To choose a title, I take my CV and arrange it in such a way that it remains true to who I am, but, more importantly, looks like what I want to be in my next assignment. It’s more important to highlight what’s relevant than to mention every single little accomplishment. Key words are critical to attracting the reader’s attention.
On becoming a consultant:
International consultants are generally more experienced than, let’s say, NGO project managers, since the job requires more technical knowledge and practice. Nevertheless, some consultancy firms may also hire young graduates as analysts to write reports or to collect data, and they will be mentored by senior consultants from whom there is a lot to learn. Consultancy firms recognize that young people are eager to learn, and can bring valuable technical skills such as GIS-mapping or quantitative analysis.
On work culture in Latin America:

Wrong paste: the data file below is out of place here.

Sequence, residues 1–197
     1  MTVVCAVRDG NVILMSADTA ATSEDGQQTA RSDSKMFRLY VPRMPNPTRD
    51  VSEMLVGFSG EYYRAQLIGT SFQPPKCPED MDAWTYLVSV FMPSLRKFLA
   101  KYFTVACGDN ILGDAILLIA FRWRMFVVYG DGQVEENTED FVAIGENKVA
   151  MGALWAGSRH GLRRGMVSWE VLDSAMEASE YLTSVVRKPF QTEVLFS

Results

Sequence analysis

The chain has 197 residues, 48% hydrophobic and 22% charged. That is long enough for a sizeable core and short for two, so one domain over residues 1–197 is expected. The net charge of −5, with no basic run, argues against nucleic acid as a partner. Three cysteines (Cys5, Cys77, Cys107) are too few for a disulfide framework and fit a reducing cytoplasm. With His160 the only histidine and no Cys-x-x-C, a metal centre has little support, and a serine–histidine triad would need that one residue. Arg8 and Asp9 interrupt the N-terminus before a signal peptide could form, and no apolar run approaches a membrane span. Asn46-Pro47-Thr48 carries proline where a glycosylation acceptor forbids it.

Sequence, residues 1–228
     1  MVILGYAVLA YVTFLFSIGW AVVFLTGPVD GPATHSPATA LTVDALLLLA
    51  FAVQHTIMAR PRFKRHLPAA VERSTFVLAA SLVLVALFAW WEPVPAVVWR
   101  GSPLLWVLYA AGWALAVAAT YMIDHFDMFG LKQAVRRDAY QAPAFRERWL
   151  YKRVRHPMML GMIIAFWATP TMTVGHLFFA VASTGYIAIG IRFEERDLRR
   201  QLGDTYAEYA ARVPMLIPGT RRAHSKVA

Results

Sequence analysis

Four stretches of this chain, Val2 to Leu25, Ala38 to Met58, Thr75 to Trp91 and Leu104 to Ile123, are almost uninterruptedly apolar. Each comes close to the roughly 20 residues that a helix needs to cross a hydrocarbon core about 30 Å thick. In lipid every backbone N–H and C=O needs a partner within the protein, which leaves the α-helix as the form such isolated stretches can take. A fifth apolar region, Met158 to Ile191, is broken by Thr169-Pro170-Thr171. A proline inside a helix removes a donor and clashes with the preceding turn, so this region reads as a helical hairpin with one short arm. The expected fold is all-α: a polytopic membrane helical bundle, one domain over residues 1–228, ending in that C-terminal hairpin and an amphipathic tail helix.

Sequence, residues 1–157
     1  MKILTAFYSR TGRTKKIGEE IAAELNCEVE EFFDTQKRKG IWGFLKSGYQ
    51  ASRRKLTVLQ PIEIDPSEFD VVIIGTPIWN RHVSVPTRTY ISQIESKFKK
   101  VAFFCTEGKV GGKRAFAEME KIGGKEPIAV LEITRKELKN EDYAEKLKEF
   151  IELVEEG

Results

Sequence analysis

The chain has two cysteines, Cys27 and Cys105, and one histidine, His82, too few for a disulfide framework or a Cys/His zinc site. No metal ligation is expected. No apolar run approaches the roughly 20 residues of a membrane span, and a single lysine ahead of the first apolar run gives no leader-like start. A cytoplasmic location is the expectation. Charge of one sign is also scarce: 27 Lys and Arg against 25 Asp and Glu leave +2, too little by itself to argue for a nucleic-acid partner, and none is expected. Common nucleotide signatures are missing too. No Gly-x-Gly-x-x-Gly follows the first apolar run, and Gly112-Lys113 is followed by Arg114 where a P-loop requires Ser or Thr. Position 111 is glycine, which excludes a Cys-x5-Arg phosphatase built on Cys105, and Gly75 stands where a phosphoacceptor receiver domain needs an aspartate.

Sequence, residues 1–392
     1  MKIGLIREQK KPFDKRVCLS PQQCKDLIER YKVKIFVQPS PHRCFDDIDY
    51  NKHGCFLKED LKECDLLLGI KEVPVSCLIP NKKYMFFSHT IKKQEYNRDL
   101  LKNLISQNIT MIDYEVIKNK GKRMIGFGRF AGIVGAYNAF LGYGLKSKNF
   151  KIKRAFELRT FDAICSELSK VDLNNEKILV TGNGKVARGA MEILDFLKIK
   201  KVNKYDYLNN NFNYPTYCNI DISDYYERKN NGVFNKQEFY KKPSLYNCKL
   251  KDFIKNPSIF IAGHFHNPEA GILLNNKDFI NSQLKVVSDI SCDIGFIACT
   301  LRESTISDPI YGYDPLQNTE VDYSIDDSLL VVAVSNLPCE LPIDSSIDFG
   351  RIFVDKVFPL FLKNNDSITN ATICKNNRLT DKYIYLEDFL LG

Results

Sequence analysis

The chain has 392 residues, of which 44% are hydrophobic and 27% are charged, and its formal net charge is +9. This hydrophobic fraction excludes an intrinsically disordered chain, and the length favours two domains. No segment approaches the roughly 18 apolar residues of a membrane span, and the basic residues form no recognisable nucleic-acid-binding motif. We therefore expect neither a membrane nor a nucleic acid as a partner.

Latin America has a relaxed and interesting work environment, with a passionate political life and some specific themes such as the situation of the native peoples in the Amazon. It’s relatively easy here to connect with the locals. There is no barrier between locals and foreigners, and this is visible in public spaces where you meet many groups composed of people from different backgrounds and nationalities.
What would you tell someone just starting out in the development/NGO sector?
Enjoy the first years after university to be adventurous and try new things, to observe and learn by watching what the others do. Those experiences are invaluable and they will never regret it. They will have enough time later to think of their career and to build families.
The development sector is not the easiest; they’ll meet all kinds of weirdos and people trying to discourage them from following their path. The key to success is to manage people and problems with patience and calm and to never stop learning, not only from the development pundits, but also from the schoolgirl from a rural village. She has something to teach them as well.
Thank you, Thomas!
Have more questions on how to build your own human rights and international development career in Latin America? Here’s what Thomas recommends you do specifically:
Download Thomas’ advice